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A lake of liquid water has been detected by radar beneath the southern polar ice cap of Mars, according to a new study by Italian researchers from the Italian Space Agency, published Wednesday in the journal Science.
Evidence was gathered by the Mars Advanced Radar for Subsurface and Ionosphere Sounding instrument, also known as MARSIS, on the European Space Agency's Mars Express spacecraft.
Those pulses reflected 29 sets of radar samples that created a map of drastic change in signal almost a mile below the surface. It stretched about 12.5 miles across and looked very similar to lakes that are found beneath Greenland and Antarctic ice sheets on Earth. The radar reflected the feature's brightness, signaling that it's water.
But salts like magnesium, calcium and sodium already found on Mars could help the water to form a brine, which would lower the melting point to allow the lake to remain liquid.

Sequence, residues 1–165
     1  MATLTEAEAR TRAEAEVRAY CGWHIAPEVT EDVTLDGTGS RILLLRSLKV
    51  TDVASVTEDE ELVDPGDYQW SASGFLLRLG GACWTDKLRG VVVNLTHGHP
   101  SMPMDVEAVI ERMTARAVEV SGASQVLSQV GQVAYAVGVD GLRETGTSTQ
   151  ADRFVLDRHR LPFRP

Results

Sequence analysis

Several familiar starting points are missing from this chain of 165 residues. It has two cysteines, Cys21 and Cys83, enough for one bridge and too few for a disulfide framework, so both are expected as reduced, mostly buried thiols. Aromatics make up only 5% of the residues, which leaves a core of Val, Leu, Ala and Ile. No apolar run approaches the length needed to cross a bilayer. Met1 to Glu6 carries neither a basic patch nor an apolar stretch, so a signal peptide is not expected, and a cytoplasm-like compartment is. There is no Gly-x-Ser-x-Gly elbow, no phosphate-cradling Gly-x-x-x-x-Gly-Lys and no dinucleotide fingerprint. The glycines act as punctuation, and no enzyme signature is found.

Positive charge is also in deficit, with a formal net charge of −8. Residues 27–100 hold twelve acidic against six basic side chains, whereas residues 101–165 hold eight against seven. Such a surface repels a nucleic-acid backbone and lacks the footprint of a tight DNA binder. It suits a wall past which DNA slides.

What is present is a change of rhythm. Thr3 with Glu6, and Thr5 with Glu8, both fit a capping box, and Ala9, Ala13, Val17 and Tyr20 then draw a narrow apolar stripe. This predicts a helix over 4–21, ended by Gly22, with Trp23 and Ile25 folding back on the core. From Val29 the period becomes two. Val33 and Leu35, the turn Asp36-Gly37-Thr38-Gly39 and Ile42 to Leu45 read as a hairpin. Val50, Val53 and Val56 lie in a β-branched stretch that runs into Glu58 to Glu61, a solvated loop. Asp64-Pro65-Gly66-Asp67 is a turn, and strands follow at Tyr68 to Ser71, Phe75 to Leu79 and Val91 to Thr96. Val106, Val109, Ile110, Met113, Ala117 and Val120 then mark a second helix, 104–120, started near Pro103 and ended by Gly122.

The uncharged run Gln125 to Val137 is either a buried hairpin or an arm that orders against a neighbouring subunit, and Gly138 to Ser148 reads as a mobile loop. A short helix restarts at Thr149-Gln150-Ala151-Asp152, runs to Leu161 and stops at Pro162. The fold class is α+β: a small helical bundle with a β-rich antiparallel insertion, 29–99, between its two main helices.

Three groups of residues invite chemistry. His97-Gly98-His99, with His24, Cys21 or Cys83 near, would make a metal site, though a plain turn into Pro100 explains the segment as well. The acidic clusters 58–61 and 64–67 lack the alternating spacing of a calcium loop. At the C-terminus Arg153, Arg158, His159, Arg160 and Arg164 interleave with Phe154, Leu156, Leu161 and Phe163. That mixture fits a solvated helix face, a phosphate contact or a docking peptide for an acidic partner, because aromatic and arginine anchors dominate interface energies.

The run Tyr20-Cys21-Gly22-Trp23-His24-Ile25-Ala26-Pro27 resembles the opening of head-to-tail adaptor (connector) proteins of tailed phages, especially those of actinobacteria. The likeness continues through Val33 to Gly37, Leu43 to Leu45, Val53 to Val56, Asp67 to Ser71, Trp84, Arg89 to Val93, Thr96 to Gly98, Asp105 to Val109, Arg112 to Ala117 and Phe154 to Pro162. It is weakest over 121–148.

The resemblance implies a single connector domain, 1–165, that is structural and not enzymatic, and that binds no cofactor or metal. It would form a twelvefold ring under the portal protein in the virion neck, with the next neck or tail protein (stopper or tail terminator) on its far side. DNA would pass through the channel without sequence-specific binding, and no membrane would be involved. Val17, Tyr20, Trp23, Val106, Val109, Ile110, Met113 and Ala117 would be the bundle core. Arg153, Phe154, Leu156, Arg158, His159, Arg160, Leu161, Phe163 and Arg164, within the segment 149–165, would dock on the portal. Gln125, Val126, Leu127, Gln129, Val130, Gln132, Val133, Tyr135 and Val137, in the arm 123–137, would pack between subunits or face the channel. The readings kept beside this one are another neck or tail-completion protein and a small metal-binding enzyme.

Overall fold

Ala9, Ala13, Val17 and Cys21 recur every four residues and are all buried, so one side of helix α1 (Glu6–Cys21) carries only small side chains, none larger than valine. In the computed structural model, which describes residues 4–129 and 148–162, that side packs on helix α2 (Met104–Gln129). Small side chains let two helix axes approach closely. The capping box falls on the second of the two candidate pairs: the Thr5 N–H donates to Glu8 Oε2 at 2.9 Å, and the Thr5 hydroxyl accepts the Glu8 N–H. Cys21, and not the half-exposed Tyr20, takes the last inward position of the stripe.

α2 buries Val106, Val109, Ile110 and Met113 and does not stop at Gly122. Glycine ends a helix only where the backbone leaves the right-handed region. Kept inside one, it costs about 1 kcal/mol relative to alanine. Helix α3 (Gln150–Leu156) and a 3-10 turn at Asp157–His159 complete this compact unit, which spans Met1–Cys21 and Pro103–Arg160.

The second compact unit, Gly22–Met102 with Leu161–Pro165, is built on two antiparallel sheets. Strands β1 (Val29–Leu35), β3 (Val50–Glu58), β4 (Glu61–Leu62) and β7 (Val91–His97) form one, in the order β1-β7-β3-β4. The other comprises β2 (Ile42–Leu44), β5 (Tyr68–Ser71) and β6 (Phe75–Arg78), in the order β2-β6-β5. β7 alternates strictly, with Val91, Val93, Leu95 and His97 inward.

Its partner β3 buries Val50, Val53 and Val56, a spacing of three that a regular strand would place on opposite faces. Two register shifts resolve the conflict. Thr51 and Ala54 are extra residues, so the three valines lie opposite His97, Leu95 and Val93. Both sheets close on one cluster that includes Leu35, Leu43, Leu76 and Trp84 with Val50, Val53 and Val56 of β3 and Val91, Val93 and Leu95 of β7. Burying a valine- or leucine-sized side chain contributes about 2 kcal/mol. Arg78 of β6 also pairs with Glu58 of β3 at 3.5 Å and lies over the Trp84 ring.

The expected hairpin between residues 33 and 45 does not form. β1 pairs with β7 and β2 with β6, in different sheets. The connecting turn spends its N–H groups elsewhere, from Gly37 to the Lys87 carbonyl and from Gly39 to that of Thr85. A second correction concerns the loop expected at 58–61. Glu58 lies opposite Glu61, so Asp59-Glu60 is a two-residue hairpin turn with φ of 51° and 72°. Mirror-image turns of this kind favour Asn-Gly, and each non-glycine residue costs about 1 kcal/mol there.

The presence of liquid water at the base of the martian polar caps has long been suspected but not observed. We surveyed the Planum Australe region using the MARSIS (Mars Advanced Radar for Subsurface and Ionosphere Sounding) instrument, a low-frequency radar on the Mars Express spacecraft. Radar profiles collected between May 2012 and December 2015 contain evidence of liquid water trapped below the ice of the South Polar Layered Deposits. Anomalously bright subsurface reflections are evident within a well-defined, 20-kilometer-wide zone centered at 193°E, 81°S, which is surrounded by much less reflective areas. Quantitative analysis of the radar signals shows that this bright feature has high relative dielectric permittivity (>15), matching that of water-bearing materials. We interpret this feature as a stable body of liquid water on Mars.